Declining growth in households’ bank deposits
Banking and financial markets
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Financial corporations, balance sheetMarch 2010

As from 2016 the statistics is published with Banks and mortgage companies.



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Declining growth in households’ bank deposits

Norwegian households' deposits in Norwegian banks were NOK 782 billion at end-March 2010. This is a decrease of 3 per cent compared to March last year.

Twelve-month growth in households’ bank deposits. March 2003- March 2010.

Despite low interest rates, deposits have increased in the last year. However, the figures indicate that the twelve-month growth in this period was low in a historical perspective. For more information on the development in deposits, go to the money supply statistics .

Decrease in banks' loans to households

Norwegian banks' loans to households were reduced by 12.9 per cent, from NOK 1 246 billion to NOK 1 086 billion from March 2009 to March 2010. An important reason for this decrease is transfers of loan portfolios from banks to mortgage companies within the same company group. Portfolio movements have become more common as a consequence of the new regulations for bonds with right of priority, which were introduced on 1 June 2007 (see box). This means that the real growth in loans is not always reflected by the growth in one of the financial institution types in isolation.

For mortgage companies and banks as a whole, the growth in loans to households has declined from about 15 per cent in 2006 to 6.4 per cent at end-March 2010. Refer to the Credit Indicator Statistics for more information .

Banks. Loans and deposits from households’, and deposit-loan ratio. April 2002-April 2009.

Portfolio movements increase deposit-loan ratio

Banks finance their operations through different credit sources. Customer deposits are usually regarded as the safest, least expensive and most stable of these sources. The deposit-loan ratio is therefore an important indicator of the development in banks’ access to long-term financing. The deposit-loan ratio on loans from banks to households was 72 per cent at end-March 2010. With the exception of the previous month, this was the highest deposit-loan ratio in the last 10 years.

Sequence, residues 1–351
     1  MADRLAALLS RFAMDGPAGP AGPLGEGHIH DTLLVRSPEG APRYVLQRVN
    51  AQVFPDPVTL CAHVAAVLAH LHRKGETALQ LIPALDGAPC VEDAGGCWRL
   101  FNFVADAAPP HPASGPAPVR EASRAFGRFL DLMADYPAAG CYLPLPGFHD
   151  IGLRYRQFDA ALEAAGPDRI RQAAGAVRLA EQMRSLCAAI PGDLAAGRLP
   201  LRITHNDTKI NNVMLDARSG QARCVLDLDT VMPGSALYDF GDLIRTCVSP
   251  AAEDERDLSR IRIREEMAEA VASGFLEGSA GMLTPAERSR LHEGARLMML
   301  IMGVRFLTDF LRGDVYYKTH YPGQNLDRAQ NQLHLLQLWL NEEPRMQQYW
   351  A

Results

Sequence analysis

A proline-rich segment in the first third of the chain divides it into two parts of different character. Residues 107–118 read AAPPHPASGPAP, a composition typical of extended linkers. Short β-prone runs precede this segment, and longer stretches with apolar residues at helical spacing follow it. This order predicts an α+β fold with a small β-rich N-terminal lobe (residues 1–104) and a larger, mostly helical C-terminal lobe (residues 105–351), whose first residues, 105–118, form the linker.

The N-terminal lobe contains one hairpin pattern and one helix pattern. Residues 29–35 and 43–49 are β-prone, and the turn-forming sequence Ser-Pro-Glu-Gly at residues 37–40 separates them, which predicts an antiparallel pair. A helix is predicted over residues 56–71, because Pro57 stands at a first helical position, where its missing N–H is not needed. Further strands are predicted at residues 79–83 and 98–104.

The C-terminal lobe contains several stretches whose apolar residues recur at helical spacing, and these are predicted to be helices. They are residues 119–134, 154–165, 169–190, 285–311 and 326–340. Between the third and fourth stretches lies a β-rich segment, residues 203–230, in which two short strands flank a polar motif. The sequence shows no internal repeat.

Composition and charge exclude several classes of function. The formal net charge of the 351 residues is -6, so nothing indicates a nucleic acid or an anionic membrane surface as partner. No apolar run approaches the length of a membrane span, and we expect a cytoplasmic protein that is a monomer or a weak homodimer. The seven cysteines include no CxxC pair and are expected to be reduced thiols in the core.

Despite the low growth in deposits, the deposit-loan ratio increased by 18 per cent from end-March 2009 to end-March 2010. The transfer of loan portfolios is the main reason for this. The portfolio transfers make the banks less dependent on market financing.

The deposit-loan ratio:

The amount of a bank’s loans divided by the amount of its deposits at any given time.

Households are defined as quasi-corporate private enterprises (e.g. partnerships), private non-profit institutions serving households, unincorporated private enterprises, employees, pensioners, social security recipients, students etc. and unspecified sectors.

Bonds with right of priority

A new administrative regulation regarding bonds with right of priority was introduced on 1 June 2007. The regulation applies to mortgage companies issuing bonds with right of priority secured in a portfolio of public loans and loans secured on dwellings. The bonds are often named “housing bonds” because they are secured in a housing mortgage portfolio and have priority over other types of debt. Several mortgage companies now issue such bonds, and more have indicated that they may issue such bonds in the future.

The Norwegian government’s first offer for the financial sector

On 24 October 2008, the Norwegian Parliament gave the Ministry of Finance authority to put into effect an arrangement where Norwegian banks could “swap” covered bonds with treasury bills. This “swap agreement” was aimed at reducing the negative effects of the financial crisis. The banks can acquire covered bonds either in the market or directly from mortgage companies that are licensed to issue covered bonds. Since the announcement of this offer by the Norwegian government, a number of new mortgage companies have been established. As a result, lending portfolios have been swapped between banks and mortgage companies.